Highlighting the confluence of these factors and its impact on the US is The Economist in an analysis piece, titled, “The overstretched superpower”, stressing the impact of the new multipolar paradigm: President Joe Biden is thus turning into an unlikely wartime president. He was not exaggerating when he told Americans in a recent televised address that the world was at an inflection point. When America acted to help Ukraine resist Russia’s invasion, many asked whether it had the wherewithal to deter a looming Chinese assault against Taiwan.

Yet academics debate whether and when the ‘unipolar’ world, in which America bestrode the globe after the Cold War, reverted to a ‘bipolar’ one, in which America is challenged by China rather than the Soviet Union; or whether it is already a ‘multipolar’ world. Joseph Nye, a Harvard academic, defined national power in three dimensions: military, economic and ‘soft power’, i.e., the ability, among other things, to co-opt others to do your bidding,” The Economist explained.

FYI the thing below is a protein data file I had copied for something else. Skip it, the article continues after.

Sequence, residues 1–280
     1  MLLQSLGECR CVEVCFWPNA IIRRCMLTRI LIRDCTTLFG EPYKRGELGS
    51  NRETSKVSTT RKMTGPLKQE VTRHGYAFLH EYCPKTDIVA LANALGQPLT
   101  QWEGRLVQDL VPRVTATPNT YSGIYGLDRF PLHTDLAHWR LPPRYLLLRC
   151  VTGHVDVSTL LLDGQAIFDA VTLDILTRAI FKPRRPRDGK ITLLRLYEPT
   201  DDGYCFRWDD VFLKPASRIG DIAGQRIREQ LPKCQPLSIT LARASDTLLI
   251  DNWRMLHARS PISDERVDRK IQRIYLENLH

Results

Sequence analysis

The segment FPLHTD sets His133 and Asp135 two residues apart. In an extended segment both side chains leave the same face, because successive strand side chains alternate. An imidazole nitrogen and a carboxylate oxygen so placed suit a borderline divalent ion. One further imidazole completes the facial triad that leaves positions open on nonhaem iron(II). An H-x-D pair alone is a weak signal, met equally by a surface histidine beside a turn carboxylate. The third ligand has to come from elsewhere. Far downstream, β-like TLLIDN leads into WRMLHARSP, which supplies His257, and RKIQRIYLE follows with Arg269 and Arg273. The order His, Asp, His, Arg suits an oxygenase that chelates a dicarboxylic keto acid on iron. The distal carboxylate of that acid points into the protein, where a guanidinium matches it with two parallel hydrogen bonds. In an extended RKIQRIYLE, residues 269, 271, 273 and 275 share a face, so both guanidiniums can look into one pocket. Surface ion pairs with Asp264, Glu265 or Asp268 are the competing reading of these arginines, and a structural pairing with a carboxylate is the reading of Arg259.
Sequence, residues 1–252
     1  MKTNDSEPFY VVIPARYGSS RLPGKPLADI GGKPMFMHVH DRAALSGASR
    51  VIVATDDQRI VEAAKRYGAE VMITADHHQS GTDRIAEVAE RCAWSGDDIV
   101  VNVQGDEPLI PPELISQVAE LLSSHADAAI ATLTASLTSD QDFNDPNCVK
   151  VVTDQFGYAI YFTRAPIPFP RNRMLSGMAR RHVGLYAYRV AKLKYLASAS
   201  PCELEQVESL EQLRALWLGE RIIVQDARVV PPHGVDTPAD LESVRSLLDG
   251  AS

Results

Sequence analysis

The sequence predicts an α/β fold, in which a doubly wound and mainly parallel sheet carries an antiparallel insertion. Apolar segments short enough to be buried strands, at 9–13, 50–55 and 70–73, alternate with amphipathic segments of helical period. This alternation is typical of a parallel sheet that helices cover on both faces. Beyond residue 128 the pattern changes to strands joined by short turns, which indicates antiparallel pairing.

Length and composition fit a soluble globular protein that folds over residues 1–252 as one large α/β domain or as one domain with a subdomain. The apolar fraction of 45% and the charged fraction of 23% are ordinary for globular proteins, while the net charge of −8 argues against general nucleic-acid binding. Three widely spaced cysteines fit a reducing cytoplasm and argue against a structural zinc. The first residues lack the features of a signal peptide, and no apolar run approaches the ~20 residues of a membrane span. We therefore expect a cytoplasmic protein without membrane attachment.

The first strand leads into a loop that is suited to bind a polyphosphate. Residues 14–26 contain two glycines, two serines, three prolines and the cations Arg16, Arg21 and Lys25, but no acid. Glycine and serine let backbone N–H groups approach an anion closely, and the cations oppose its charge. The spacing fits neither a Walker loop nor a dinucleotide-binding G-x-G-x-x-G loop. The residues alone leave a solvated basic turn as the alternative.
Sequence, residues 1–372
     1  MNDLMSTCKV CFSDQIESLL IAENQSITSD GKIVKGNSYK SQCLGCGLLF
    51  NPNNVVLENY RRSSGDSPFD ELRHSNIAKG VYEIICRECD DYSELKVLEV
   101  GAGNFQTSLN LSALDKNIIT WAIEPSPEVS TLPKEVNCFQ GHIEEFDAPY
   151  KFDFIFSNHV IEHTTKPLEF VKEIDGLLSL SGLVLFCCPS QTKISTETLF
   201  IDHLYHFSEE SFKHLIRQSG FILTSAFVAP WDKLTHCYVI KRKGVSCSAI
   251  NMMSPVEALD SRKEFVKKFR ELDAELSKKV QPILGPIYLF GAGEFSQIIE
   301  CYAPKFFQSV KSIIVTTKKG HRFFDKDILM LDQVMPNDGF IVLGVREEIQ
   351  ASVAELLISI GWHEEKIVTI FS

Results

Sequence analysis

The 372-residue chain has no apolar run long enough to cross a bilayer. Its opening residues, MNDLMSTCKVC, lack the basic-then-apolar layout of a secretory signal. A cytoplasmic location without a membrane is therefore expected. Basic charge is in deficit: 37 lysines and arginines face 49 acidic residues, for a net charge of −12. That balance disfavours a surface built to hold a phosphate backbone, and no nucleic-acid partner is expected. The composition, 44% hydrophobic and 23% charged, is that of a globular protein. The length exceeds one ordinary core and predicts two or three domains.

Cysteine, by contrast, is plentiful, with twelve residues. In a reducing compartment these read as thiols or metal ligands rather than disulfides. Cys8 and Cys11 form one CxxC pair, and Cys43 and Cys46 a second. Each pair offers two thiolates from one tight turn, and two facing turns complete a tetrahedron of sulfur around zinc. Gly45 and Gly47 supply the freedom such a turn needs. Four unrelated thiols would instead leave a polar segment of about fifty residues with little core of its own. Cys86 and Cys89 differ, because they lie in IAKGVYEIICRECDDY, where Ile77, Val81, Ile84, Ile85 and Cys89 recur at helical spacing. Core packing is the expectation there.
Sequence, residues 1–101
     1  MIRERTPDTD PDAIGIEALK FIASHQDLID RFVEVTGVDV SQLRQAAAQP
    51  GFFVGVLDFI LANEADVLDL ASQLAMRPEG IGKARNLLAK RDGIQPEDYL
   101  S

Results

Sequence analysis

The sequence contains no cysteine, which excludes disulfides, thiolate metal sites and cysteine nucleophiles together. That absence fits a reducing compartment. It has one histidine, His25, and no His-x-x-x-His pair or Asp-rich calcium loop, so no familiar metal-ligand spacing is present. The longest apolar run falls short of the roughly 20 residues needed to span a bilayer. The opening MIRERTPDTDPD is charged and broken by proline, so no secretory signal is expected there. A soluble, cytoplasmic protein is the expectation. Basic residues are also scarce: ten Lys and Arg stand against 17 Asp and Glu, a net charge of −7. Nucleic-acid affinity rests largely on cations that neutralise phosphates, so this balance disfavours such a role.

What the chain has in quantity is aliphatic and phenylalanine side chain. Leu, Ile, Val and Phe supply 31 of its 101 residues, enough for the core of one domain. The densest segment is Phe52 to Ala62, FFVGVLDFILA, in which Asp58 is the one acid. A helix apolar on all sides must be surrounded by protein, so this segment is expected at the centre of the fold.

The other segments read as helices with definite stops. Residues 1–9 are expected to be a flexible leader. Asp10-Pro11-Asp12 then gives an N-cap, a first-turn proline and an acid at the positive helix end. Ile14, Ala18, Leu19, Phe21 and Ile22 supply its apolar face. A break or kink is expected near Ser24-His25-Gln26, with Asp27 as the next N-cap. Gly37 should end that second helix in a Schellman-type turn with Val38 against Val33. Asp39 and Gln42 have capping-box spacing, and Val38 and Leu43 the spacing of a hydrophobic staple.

This will ultimately have dramatic impacts on the Indo-Pacific, which Storey detailed, saying: “The United States will also demand more of its partners to contribute to regional security. A more robust European posture in the Middle East will be of greater assistance to Washington’s Indo-Pacific goals than NATO sending token frigates to Asia. India will share US disquiet over proposed Chinese facilities. Delhi’s nascent but growing security presence in the region could prove beneficial.

“Ultimately, however, the US may have to evaluate what level of Chinese security presence it is prepared to live with. As a major energy importer, there are considerable areas where Beijing and Washington’s interests could overlap.”

America isn’t alone in facing these challenges, as Australia’s repeated domestic, foreign, industrial, and defence policies of the last three decades (at least) come home to roost, leaving the nation dangerously exposed to the whims, ambitions, and designs of others in our immediate region.

Final thoughts

Fundamentally, where much of the analysis falls short is as a result of the lens through which many analysts and commentators view foreign affairs, mainly through an almost romantic, gentlemanly” lens where the realpolitik is done behind the scenes, while empty platitudes, pointless press conferences, and joint communiques are the status quo.